I stand amazed in the presence of Jesus the Nazarene.
“It is good for you to be amazed, to be overawed that the Creator of the whole universe – the One who created all the galaxies should allow you to stand here in his presence. But I not only allow you, I invite you and I invite you not as one who is just an object that I created – but I invite you as a friend, I invite you into fellowship – to sit at my table as it were with Me and enjoy my friendship. I invite you as a son, a brother, a friend – my purpose is growing that friendship – so yes, stand amazed and overawed – but let that be the starting point, the underlying basis of our friendship – but let it grow from there into a full blown friendship where you can share everything with me.”
Continuing now in 2 Corinthians 7, Paul maintains his affirmation of love and concern towards them He reminds them of the delegation of Titus to them and affirms his delight at the result. Not only did the news of their reception comfort him, he is delighted that Titus had in fact, comforted them. We are taken back again to the beginning of the letter where Paul emphasized the concept of “comfort”, against the background of God being the Supreme Comforter and how we should all take a cue from that using the comfort we have received during difficult times as a basis to comfort others.
But now we come to a crucial paragraph in the whole letter from vs 8. Underlying Paul’s previous letter, which he describes as severe and which he is sort of expressing regret (I think with tongue in the cheek) that he had to send it, we have this magnificent exposition of what true repentance is. That is the repentance that Paul was seeking in them and perceived that they had shown it.
Can you see the emphasis in this section? Paul starts with the fact that repentance starts with “sorrow” vs 9. However he makes a strong point about this sorrow. You see there are two types of sorrow people experience when they are confronted with their sin. Can you see them? Godly sorrow and worldly sorrow..
I can remember sitting on the beach at Pringle Bay where I had gone to confront a brother who was involved in adultery. As I spoke to him he wept copiously, threw himself on the ground and declared his sorrow. However, as it turned out, his behaviour never changed. The sorrow he was expressing was “worldly sorrow”. In some way, I suppose he was sorry that he had been exposed and would be unable to continue as before.
True, godly sorrow comes when one realizes the full extent that your behaviour has offended God, not other people. We see that in Psalm 51:4 where David, although his sin had causes huge pain to others, is more concerned about the pain that it caused God. “Against you, you only, have I sinned and done evil in your sight”.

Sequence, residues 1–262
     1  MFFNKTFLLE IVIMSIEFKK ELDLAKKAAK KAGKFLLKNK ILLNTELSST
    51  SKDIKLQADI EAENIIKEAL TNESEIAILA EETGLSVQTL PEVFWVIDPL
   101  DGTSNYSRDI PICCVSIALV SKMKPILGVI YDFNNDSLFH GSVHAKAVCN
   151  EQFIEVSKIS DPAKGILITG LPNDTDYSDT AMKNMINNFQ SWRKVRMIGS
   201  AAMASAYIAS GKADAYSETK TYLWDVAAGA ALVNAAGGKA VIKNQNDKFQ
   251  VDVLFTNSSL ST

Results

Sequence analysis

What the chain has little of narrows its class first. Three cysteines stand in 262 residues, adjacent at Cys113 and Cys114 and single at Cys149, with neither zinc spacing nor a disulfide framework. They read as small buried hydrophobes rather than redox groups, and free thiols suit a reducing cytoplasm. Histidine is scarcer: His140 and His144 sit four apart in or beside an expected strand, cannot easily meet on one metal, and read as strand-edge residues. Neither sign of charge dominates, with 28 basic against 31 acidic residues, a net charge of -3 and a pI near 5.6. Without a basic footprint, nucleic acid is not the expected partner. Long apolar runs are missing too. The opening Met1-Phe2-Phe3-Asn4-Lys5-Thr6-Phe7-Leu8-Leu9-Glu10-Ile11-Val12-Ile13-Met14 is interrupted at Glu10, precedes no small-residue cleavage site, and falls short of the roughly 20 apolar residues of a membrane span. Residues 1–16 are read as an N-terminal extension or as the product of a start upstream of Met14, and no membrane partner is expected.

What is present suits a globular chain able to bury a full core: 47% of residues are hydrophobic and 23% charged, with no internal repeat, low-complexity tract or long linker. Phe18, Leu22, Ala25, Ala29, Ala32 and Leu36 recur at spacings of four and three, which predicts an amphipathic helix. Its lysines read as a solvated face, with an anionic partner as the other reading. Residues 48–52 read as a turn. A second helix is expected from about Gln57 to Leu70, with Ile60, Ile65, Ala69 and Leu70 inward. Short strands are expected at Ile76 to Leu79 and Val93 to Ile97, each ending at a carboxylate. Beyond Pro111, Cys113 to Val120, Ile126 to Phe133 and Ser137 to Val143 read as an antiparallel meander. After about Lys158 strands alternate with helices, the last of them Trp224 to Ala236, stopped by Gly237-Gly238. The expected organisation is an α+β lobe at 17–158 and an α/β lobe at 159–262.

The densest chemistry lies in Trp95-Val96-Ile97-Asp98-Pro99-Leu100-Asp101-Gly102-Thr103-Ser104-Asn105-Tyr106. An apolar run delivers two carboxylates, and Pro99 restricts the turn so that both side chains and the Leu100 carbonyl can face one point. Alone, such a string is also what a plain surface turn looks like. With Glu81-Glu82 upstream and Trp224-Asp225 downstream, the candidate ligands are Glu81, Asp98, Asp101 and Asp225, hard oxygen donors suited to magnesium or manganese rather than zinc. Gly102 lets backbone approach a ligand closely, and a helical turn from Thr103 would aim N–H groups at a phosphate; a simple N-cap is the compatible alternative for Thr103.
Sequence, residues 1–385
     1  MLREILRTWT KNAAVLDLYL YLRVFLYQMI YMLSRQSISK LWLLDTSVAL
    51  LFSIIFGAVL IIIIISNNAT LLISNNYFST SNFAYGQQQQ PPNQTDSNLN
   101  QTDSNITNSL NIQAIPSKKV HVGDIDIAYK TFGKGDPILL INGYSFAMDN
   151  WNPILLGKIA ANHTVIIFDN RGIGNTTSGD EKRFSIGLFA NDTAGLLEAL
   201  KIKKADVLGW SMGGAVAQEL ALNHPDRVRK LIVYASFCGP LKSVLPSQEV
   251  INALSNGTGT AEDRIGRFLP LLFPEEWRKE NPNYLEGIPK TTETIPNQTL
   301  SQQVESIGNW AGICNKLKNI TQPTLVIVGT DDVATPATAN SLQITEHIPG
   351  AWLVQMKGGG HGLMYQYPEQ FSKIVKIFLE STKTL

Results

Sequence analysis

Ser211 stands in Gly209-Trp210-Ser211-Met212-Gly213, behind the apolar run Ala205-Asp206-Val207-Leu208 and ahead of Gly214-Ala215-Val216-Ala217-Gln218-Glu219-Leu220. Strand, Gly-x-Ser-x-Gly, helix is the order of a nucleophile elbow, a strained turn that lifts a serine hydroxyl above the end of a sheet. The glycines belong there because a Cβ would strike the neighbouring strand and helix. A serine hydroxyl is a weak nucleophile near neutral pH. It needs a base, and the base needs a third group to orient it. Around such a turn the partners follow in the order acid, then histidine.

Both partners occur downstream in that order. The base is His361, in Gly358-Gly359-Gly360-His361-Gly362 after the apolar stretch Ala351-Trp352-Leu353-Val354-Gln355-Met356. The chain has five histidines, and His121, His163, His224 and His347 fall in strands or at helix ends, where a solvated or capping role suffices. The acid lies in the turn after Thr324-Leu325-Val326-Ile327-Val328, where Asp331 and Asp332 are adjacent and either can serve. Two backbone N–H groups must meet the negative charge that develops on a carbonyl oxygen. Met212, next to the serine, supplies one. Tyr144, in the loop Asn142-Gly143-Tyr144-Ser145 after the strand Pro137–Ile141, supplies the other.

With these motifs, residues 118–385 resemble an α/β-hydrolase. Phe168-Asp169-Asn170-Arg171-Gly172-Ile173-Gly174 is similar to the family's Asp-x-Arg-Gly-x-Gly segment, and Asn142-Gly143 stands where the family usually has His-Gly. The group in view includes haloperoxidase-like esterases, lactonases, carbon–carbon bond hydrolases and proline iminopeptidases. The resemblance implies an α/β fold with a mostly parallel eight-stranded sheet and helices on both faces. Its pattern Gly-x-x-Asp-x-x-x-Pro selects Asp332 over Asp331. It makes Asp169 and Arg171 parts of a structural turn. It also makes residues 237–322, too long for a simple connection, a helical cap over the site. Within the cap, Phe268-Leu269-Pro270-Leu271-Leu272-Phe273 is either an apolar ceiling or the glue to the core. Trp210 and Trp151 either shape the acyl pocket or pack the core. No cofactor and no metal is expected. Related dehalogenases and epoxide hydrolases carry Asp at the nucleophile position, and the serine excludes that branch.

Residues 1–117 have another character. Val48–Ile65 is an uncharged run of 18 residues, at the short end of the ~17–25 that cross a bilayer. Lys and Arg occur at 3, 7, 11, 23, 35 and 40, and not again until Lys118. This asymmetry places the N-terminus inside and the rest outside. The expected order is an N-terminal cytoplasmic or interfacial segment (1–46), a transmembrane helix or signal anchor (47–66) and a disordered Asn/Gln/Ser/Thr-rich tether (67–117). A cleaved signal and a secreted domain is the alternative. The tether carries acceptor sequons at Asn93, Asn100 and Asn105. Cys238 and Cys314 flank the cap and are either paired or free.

Paul compares the two types of sorrow in their final effect. Godley sorrow leads to salvation and leaves no regret, whereas worldly sorrow brings death. I take it he is speaking here about eternal death.. Look how he shows that their sorrow was indeed godly sorrow. vs 11,12. Godly sorrow, followed by true repentance always leads to a change in behaviour, even if it is slow sometimes.
Paul has turned the purpose of his writing to a different perspective at the end of this chapter. He expresses his satisfaction that having encouraged them at the same time they had in turn encouraged Paul and Titus. How this correspondence had, in fact improved their relationship with each other. He ends the chapter with a final word of encouragement in vs 16 “I’m glad I can have complete confidence in you”.
So what did I learn and hear Jesus say from this chapter? Well, firstly I was reminded of the pivotal role repentance plays in the practice of our relationship with the Lord. Without writing an essay on it, I would say that the important feature’s of repentance are – firstly a recognition of the the enormous gulf sin causes between us and God. To remember the pain we cause Him when we sin. Then a genuine regret that comes with that as well as realizing that in Jesus lies complete forgiveness and the power to change future behaviour. This is integral to how we conduct our relationship with the Lord. It should be like breathing.
I find it abhorrent when fellow Christians walk around with long faces bemoaning their sinful state. We live a life of victory in Jesus and the remedy for our sin is at hand. We should recognize it and deal with it in the manner which God has prescribed. Then we can experience the full joy of our relationship with the Father.
It has also struck me how hard Paul has worked at winning the Corinthian church back to him and to he Lord of course. That is surely an example we need to take to heart.
Well. bless you on this cold wintery evening and share any other insights you may have had from this chapter with us on the blog comments.